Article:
Friday, February 4, 2011

A mothers worst fear

The scene yesterday morning. Two kids under the weather, watching Tinkerbell and looking all to adorable doing it.

There are moments in every parents life when they truly get scared, I mean down to the core. I've experienced these moments twice. Once with each child. Mason's you can read about here, which thankfully ended with us figuring out he has my illness, Vaso Vagal Syncope. Sophie's turn was around 4am this morning.

This household has been going through the terrible icky sickies once again. It seems that every winter (or as I perused through my old posts, every January) we go through this. It starts off as a few coughs and stuffy/runny noses. Then it becomes all night coughing fits, followed by lethargic children and a Mom with a really sore throat, that sounds "funny" and is about to lose her voice all together.

So last night it was another sleepless night of coughing, body aches, and little children crying. I was quietly praying to myself that everyone get back to sleep when I heard it. A faint sound of choking and vomit coming from the monitor. I immediately went into mommy mode, jumping out of bed and running to her room. Standing in her crib and looking pathetic was my little girl. I gently picked her up and walked into the bathroom to clean her up. Seemingly better, but tired, I walked back into the nursery and put her down so I could grab the aspirator and suck out the nasty boogers that were clearly making it hard to breathe. Partway through she stumbled backward. Immediately I reached out and caught her just as she fell backward, eyes glassy, limp in my arms and proceeded to shake. That's when I panicked. Looking down at her pale, unresponsive face I screamed. As loud as I could with my loss of voice, "FRED! FRED!"

It only lasted a few seconds, long enough for me to be scared out of my mind and Fred to make it from our bedroom to the nursery. The tears were flowing and I struggled to catch my breath. Shortly after, Mason came walking in, my screams surely having woken him up. Of course he was concerned about Sophie, who at this point began to vomit. Thick, yellow, disgusting mucus. She was burning up and we made the decision to take her to the ER. So I threw some clothes on as fast as I could, packed the diaper bag, and grabbed our coats before rushing out the door, my little baby in arms. Luckily the Hospital is just up the road so it only took a few minutes before I was un-buckleing her from her car seat and running into the empty ER waiting room sometime shortly after 4am.

Sophie is nothing like her brother when it comes to doctor visits. She freaks out over everything. So I had to lay on the bed, holding her as they checked her vitals, took her temperature (102+), and put on the ID bracelet (which she hated worst of all). I tried to show her I had a matching one to calm her down but it was no use. They tested her for RSV, Flu and Strep. After what felt like forever waiting in the small room, t.v. on mute, the results came in. Negative on everything. So it's just a simple virus. The doctor then sat and discussed what he concluded as her having what they refer to as a simple febrile seizure. It was explained that a febrile seizure affects kids between ages 6 months and 3 years and is usually brought on by a high fever, 100.4 or higher and can last up to 15 minutes. It is the bodies way of protecting the brain when a virus hits. He reassured me that she has no brain damage and is not more likely to have epilepsy when she gets older. She does however, have a 25% chance of it happening again.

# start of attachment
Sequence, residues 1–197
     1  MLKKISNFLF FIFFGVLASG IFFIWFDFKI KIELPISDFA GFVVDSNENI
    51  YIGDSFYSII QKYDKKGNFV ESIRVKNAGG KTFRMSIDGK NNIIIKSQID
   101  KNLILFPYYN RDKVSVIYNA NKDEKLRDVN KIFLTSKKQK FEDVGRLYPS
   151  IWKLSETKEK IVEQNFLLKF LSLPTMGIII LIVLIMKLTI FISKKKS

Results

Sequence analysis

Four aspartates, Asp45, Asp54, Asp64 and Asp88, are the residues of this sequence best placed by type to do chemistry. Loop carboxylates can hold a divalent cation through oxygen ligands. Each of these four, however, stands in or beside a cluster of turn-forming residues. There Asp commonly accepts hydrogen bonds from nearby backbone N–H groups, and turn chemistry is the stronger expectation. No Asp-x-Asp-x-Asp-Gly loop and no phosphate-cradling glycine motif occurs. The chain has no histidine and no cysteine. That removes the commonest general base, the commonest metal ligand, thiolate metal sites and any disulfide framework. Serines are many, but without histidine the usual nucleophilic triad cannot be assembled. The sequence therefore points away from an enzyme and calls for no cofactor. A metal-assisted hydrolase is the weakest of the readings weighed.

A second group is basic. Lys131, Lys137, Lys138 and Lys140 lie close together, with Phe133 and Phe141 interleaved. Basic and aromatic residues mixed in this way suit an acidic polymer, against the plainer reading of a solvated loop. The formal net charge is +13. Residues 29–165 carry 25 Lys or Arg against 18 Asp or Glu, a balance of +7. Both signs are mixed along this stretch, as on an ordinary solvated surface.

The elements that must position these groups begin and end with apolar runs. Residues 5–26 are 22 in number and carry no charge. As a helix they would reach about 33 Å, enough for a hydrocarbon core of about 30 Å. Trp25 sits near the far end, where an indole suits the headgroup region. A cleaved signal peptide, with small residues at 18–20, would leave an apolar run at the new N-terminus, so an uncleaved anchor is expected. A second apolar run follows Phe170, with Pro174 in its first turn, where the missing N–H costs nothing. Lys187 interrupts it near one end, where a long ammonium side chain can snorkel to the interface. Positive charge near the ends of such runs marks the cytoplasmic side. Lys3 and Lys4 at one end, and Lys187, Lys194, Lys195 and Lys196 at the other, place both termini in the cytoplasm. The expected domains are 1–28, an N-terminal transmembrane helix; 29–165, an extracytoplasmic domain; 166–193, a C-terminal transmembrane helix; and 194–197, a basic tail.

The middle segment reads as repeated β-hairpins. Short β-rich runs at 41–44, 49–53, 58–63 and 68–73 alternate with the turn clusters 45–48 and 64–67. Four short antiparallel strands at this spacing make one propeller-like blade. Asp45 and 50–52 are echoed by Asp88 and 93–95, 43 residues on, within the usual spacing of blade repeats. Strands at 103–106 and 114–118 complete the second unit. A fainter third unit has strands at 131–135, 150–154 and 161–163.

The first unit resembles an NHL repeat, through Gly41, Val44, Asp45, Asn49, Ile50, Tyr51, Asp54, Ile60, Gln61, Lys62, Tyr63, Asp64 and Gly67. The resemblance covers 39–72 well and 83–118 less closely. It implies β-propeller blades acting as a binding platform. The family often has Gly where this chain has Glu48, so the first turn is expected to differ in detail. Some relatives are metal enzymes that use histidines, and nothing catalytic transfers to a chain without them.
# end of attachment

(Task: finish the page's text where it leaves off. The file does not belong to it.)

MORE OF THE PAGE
So around 6:30am, both of us tired out of our minds, we arrive back home and go back to sleep. We are to spend the day monitoring her fever, and making sure her fluid intake (water or pedialyte) is sufficient and she doesn't get dehydrated.

This truly was one of the scariest moments for me and I don't wish it upon anyone. To see your children suffering or in distress and feeling helpless and unknowing what to do to help is a tough place to be as a parent. We all want to believe that we have super powers and can fix any boo-boo and we all want to believe our children will be perfect. As I have learned and seen around me, this is never the case. Things happen that are beyond our control. All we can do is handle them the best way we possibly can, with maturity and composure. And don't forget to embrace the comfort of your family and friends as they only feed our strength in these moments.

For now, Sophia is doing fine. Her fever is down and she is currently napping. My fear has dissipated as I got the chance to sleep it off thanks to my hubby. My voice is worse, though talking with doctors all morning surely didn't help. Mason, well, he still has a fever in the 100's. So yes, he stayed home from school again today. Another week of only having school two days. He is currently napping as well though, can you imagine how hard it is to get a rambunctious little boy to just rest when he is sick? The resilience of these kids astounds me. Their ability to bounce back in the blink of an eye, jus amazing. I pray this is the worst of it for the year and we can all move forward and be healthy. That this weekend will bring with it, much needed rest and family time, to comfort and love and heal. So we can go back to peaceful nights and days filled with tiny laughter and a full week of school becomes the norm once more.

Well there you have it. Just another adventure in icky sicky land at the Briggs household. I think I'll head back to bed now.
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1 comment:

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